Should we move towards a US Style Constitution?

Interesting discussion on the British Constitution with David Starkey arising from the Damien Green affair:

http://news.bbc.co.uk/1/hi/programmes/this_week/7766700.stm

Much of the criticism could equally be applied to the Dáil (if not more so, with even less oversight in the Senate), and Starkey suggests moving from the traditional British model towards a more American style system, primarily to strengthen the legislature. A disjoint between the Executive and Legislature might make for a difficult adjustment for those used to Parliamentary systems, but I tend to agree on the need for separation fo powers.

  • Brian Walker

    kensei, Starkey is a great expert on Henry viii. The trouble is, he sounds as authoritative on everything else but he isn’t. The premise of his This Week comments in favour of full separation of the powers was based on the nonsense that MPs are less effective than they once were. MPs are now far more assertive than ever and far busier on behalf of their constituents. That is not to say they are as powerful as the Executive. Phil Cowley is the top student of MPs’ behaviour. The following piece is a bit old but still stands.
    http://www.guardian.co.uk/commentisfree/2007/mar/01/yohenrydontdissthecommons
    I’ll post the his Hansard society comments specifically slamming Starkey when they appear.

    http://www.hansardsociety.org.uk/blogs/group.aspx?GroupID=7

  • Kensei

    Brian

    The agreement in the segment seemed to extend beyond Starkey. And I’m not sure arguing that the legislature was always weak is a good argument for the status quo.

  • veritas

    off course we need a fully codified constitution and whilst we`re there, maybe its time that we where citizens instead of subjects to an unelected tax dodging freeloading German and her dysfunctional family…
    as for separation of powers, again yes but what checks and balances need we put in place…

  • Brian Walker

    veritas, The British have long ceased to be subjects only. Citizenship is entrenched. Kensei, ok, fair point in theory.. A major separation of the powers takes place next year when the Law lords leave the legislature to become the UK Supreme Court. But greater separation between the legislature and the executive is not envisaged. However as I think Cowley explains, the Commons have acquired the right to vote to go to war and to dissolve, as well a much greater scrutiny of Bills. This although not sweeping, is not insignificant. Veritas, a full codified UK constitution won’t happen, probably because it literally takes a revolution or military defeat to overthrow the system. True, Brown’s modest constitutional renewal programme sees the logic of codification but balks at it. Down the decades, we will see some further moves from the “political” to a “legal” constitution mainly through judicial activity, causing some tension with the executive over say, anti-terrorism, but that’s it for the lifetime of the youngest reader I’d guess. Why? Because politicians will want to cling on to what power they have and almost all of them in the British system want “strong government”. You might note that US Presidents often envy the power of the UK PM, even though you might not like it…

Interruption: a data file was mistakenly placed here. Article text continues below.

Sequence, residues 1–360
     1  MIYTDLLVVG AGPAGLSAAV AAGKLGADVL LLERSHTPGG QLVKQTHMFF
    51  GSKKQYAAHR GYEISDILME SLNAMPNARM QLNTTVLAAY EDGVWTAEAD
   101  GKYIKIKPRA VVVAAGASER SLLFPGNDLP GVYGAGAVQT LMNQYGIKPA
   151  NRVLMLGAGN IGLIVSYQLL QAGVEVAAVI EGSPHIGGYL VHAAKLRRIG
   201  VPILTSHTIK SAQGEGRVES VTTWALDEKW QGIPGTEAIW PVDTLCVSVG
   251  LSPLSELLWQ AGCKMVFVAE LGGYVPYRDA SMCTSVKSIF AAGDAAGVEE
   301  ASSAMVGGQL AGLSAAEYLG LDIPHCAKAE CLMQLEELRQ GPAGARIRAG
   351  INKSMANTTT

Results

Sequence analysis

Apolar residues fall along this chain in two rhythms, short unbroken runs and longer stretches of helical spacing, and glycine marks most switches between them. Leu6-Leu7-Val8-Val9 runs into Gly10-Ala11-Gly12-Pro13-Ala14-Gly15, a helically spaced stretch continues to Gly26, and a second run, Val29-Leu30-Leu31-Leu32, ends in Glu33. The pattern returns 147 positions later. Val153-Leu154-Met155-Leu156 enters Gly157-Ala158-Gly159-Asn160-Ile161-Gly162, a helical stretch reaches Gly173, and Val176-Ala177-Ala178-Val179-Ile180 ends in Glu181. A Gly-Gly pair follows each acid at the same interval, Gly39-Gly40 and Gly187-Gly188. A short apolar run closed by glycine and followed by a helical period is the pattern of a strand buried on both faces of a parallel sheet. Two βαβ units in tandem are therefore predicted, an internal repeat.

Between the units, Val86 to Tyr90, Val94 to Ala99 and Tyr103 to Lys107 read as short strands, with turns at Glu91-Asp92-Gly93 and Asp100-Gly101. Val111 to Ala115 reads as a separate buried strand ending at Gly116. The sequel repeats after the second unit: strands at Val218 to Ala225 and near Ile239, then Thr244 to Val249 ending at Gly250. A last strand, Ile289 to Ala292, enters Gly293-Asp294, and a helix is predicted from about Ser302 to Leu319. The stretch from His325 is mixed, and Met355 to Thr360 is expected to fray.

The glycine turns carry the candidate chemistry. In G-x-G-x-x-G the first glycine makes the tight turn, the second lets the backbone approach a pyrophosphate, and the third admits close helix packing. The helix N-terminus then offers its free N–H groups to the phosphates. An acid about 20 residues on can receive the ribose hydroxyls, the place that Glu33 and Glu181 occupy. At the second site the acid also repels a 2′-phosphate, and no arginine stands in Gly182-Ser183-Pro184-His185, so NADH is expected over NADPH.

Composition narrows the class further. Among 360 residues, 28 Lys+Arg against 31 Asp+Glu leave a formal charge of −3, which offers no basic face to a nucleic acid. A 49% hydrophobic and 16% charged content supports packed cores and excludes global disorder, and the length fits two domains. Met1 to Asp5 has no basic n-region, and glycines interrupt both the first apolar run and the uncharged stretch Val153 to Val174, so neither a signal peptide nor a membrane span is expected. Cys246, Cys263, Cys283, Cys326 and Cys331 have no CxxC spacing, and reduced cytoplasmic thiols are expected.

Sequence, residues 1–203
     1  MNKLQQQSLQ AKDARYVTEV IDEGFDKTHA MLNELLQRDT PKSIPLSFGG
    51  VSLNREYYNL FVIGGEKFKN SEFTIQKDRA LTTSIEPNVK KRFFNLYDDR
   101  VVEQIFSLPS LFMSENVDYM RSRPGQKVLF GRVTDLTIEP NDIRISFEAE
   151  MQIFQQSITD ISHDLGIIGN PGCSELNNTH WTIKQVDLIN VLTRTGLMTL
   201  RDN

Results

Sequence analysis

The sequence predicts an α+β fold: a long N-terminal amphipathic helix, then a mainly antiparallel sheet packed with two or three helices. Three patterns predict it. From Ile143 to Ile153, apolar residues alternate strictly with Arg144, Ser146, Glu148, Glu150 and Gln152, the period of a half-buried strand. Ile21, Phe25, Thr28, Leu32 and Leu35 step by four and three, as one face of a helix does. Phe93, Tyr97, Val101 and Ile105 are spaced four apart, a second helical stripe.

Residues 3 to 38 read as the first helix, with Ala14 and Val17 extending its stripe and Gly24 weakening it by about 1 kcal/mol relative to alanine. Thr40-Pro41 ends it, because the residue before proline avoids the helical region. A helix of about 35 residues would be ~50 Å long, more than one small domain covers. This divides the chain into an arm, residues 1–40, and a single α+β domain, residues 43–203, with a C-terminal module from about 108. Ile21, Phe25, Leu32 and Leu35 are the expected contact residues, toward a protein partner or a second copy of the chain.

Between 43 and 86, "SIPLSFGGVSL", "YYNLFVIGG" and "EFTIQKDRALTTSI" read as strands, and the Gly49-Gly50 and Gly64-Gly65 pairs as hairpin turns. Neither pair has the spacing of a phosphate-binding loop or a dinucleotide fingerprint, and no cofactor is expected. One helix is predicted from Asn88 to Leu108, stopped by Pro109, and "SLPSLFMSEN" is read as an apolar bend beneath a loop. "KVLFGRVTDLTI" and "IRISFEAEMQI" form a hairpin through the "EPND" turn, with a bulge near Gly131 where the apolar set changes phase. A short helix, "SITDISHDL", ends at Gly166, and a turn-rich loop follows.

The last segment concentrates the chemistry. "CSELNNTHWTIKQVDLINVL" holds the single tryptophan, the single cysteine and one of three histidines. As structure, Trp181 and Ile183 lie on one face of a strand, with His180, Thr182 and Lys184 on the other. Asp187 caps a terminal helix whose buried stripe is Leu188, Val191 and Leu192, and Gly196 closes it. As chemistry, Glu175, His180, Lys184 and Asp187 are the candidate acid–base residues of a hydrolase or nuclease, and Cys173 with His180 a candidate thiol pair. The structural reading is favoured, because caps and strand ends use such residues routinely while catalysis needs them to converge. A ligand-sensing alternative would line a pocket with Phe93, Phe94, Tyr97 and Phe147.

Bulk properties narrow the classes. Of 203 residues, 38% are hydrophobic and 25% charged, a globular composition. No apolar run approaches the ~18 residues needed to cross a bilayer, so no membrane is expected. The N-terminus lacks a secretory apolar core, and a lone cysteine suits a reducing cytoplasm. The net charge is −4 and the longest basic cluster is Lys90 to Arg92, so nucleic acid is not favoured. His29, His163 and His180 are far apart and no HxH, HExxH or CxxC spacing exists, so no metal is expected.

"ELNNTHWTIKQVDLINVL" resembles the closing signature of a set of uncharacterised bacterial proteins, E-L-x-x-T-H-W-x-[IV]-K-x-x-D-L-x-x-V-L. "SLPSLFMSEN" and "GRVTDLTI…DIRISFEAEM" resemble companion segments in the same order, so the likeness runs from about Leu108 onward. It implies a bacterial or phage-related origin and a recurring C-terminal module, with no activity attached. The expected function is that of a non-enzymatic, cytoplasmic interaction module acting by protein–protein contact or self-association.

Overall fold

• Kensei

    Brian

    You might note that US Presidents often envy the power of the UK PM, even though you might not like it…

    I think tha would be the point. Where Starkey hit for me was in the idea that the legislature should not simply be an extension of the Executive, and should be free to act without undue punishment. The heavy whipping of MPs (or TDs) is a deadening force.

  • Greenflag

    ‘The heavy whipping of MPs (or TDs) is a deadening force.’

    They’re not using enough force then . Some of the feckers are still alive 😉

    I mean it’s not as if either country is awash with TD’s or MP’s brimming with ideas as to how a post industrial post service economy can meet the needs of it’s population in a world torn upside down by the neo con plunderers of the past decade or more ?

  • OC

    “Should we move towards a US Style Constitution?”

    Wasn’t this Andy Tyrie’s suggestion, along with a NI UDI?

  • ulsterfan

    We could not afford a written/codified constitution.
    There would not be enough money to pay the lawyers.

  • Sarah

    The Ameican system means one thing: Gridlock Gridlock Gridlock. It doesn’t work and nothing gets done. All it is is pork barrell spending coupled with a President who has little power and a Congress that’s incompetent. Damien Green isn’t a patch on Watergate or Dick Cheney completly abusing his position as the Vice President. Keep the Parliamentry system.